Twenty-seven sensors have been installed at the top of trees to eavesdrop on the forests of the West Sumatra province of Indonesia as a means to tackle illegal logging.
“We’re basically building a nervous system for the natural world,” says Topher White, the engineer behind the “Guardian” sensors. “You couldn’t really monitor (the forest reservation) with people walking around, but sound seemed like a good way to capture really anything.”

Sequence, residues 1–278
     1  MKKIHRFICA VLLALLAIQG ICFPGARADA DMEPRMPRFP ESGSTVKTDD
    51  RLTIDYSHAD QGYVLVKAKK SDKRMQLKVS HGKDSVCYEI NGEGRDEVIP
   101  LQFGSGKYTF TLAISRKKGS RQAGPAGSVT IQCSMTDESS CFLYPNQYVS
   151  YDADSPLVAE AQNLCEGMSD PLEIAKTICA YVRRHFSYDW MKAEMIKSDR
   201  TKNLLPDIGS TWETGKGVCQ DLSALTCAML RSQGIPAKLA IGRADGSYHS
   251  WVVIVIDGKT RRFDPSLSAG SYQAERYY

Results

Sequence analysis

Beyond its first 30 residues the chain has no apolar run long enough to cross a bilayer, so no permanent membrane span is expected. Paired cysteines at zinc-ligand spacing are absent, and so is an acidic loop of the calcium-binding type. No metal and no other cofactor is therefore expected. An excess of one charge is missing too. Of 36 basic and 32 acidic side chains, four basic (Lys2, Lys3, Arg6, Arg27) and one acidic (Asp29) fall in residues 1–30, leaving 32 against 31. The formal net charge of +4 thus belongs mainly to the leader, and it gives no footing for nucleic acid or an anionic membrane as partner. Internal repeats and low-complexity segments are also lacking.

The audio detection sensor was first built from an old mobile phone, solar panels, and a microphone. Rainforest Connection, White’s nonprofit, collects sounds to protect nature in 12 countries, and its goal is to install tens of thousands of audio sensors in forests around the world in the next few years. Indonesia decided to punish illegal logging, thus using sensors and implementing tougher laws. “Logging has totally stopped – people are afraid of coming to this area,” says a patroller who goes by the name of Jasrialdi.